“Stratcom is my primary manoeuvre force,” declared General John Allen in his keynote address to NATO’s assembled communicators at the fifth annual SHAPE Stratcom Conference in Izmir last week. After years languishing in the shadow of sexier, more kinetic military disciplines was this the moment NATO finally started to take stratcom seriously? Well, no, not really. It’s encouraging that such a prominent commander professes to see the value of stratcom but it’s hard to see how four-star support has improved NATO’s approach to influence operations.
Mark Laity suggested in his introductory lecture that stratcom within NATO is too small, too low ranked and lacking in expertise, while doctrine remains complex and contradictory. These were common themes that were revisited by several other speakers. A concerted effort has been made to redress some of these problems with the issue of ACO Directive 95-2 to provide planning and guidance on stratcom throughout NATO. It’s a useful document which will hopefully go some way to producing a more unified approach although just how much the directive influences commanders on operations remains to be seen.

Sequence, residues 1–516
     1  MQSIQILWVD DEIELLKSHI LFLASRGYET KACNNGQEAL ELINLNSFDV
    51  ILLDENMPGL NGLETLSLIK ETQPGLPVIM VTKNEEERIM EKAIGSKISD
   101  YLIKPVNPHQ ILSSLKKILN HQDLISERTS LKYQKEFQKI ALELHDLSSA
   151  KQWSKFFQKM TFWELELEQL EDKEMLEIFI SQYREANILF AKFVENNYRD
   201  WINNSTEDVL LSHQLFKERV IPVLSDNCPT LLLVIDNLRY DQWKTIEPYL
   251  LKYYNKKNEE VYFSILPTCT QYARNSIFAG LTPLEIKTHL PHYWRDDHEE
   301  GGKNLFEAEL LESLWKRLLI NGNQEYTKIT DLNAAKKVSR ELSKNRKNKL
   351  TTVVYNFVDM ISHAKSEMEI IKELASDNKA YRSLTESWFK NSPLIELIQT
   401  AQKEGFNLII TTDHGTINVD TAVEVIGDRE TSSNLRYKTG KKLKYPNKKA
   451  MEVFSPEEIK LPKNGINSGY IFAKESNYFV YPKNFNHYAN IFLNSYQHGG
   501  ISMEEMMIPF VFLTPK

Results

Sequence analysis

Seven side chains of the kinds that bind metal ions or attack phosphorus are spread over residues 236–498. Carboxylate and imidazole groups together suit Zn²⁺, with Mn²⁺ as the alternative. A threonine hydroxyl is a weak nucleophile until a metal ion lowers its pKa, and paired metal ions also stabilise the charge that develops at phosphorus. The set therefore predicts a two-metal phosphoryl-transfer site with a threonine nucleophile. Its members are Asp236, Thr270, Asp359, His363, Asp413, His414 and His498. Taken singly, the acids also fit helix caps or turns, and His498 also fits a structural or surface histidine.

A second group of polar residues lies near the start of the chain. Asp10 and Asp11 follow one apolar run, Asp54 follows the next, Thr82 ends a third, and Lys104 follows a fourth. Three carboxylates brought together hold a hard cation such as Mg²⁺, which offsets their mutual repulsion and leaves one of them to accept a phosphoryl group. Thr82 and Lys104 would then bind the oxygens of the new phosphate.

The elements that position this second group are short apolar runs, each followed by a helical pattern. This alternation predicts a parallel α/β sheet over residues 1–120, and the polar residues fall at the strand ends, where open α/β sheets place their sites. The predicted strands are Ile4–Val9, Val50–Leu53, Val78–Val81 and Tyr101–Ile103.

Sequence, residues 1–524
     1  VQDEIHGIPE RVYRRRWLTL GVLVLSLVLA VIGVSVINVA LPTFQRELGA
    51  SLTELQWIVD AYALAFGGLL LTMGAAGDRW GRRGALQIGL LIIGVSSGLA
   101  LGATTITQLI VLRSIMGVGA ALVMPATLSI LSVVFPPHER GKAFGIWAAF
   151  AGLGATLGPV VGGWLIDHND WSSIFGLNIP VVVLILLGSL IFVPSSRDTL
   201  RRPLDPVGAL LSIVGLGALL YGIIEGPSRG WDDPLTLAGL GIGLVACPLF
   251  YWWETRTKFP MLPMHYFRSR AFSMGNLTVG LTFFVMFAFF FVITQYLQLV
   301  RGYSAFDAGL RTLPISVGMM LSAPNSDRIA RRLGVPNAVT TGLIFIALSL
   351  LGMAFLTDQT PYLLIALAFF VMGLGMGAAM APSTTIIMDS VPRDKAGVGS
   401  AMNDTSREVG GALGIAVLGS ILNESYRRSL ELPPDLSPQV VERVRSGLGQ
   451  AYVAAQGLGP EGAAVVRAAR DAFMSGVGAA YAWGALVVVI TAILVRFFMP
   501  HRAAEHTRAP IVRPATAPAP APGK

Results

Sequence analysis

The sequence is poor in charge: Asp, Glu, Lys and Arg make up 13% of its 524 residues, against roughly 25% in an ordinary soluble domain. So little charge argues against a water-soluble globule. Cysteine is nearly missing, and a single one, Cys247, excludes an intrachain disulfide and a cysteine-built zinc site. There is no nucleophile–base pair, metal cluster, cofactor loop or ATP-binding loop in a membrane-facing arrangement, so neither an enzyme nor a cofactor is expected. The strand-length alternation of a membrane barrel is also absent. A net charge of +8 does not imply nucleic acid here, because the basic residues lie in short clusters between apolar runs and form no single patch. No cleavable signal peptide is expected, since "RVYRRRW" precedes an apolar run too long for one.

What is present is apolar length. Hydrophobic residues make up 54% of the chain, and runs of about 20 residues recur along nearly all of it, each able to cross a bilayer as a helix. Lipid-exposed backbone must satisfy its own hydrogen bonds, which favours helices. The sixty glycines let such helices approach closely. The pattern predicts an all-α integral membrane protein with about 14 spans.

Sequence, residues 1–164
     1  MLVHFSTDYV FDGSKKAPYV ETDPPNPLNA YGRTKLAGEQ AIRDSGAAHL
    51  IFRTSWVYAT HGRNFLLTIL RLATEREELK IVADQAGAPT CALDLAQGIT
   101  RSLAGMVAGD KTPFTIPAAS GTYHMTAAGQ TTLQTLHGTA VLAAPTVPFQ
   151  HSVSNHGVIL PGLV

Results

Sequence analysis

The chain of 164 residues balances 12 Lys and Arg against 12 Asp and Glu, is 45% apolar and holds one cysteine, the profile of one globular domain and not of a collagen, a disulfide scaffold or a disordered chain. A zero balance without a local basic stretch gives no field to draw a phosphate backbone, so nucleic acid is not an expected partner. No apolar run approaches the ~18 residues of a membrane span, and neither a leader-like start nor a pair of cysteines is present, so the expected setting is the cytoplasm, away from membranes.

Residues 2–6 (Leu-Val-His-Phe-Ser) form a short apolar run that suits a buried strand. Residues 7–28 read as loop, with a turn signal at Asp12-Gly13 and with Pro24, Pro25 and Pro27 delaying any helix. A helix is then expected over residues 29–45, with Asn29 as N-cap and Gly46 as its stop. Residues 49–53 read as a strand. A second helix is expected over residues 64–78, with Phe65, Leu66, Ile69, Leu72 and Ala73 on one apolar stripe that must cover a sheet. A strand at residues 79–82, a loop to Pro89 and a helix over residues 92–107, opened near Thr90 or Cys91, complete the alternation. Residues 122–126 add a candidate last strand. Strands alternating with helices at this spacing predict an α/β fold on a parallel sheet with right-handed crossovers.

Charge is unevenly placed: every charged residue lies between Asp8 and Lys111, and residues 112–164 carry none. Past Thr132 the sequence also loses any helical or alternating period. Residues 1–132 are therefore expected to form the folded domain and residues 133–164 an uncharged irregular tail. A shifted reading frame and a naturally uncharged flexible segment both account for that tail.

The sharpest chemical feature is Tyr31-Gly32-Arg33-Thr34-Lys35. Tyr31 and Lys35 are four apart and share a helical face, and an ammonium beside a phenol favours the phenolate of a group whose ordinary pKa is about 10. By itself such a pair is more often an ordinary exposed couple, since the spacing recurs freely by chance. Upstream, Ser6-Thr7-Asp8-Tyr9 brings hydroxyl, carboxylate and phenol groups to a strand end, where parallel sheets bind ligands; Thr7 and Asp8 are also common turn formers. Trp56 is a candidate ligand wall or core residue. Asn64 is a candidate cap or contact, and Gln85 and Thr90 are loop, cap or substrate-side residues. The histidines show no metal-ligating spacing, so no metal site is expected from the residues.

Much of the conference passed by in a blur of brightly coloured wiring diagrams and org charts as a succession of representatives from different commands and national defence ministries showcased their own internal organisational structures. Clearly these are important issues but there seemed to be a lot of discussion about how we get organised to say things and much less about what we actually say. Inevitably, when the conversation did turn to narratives and strategy, Afghanistan dominated but as Prof Steve Corman from the Centre of Strategic Communication highlighted, NATO will face significant communications challenges when ISAF winds down and the public once more asks, “Why do we need NATO at all?” Perhaps when faced with a problem that has no kinetic solution, the alliance will truly understand the value of good stratcom.
Andrew Sharples, Albany Associates